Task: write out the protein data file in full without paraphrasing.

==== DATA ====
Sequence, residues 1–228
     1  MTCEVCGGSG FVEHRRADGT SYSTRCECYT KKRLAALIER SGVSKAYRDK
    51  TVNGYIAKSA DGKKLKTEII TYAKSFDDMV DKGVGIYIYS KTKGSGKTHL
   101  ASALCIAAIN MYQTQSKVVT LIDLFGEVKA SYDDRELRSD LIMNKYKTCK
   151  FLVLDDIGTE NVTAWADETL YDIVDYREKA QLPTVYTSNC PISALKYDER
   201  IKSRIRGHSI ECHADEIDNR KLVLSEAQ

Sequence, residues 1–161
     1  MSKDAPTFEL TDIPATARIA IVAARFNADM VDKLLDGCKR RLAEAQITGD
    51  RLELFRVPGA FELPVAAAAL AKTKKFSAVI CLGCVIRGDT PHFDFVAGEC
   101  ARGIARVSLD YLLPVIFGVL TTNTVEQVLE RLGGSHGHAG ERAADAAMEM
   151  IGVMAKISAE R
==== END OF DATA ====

Sequence, residues 1–228
     1  MTCEVCGGSG FVEHRRADGT SYSTRCECYT KKRLAALIER SGVSKAYRDK
    51  TVNGYIAKSA DGKKLKTEII TYAKSFDDMV DKGVGIYIYS KTKGSGKTHL
   101  ASALCIAAIN MYQTQSKVVT LIDLFGEVKA SYDDRELRSD LIMNKYKTCK
   151  FLVLDDIGTE NVTAWADETL YDIVDYREKA QLPTVYTSNC PISALKYDER
   201  IKSRIRGHSI ECHADEIDNR KLVLSEAQ

Sequence, residues 1–161
     1  MSKDAPTFEL TDIPATARIA IVAARFNADM VDKLLDGCKR RLAEAQITGD
    51  RLELFRVPGA FELPVAAAAL AKTKKFSAVI CLGCVIRGDT PHFDFVAGEC
   101  ARGIARVSLD YLLPVIFGVL TTNTVEQVLE RLGGSHGHAG ERAADAAMEM
   151  IGVMAKISAE R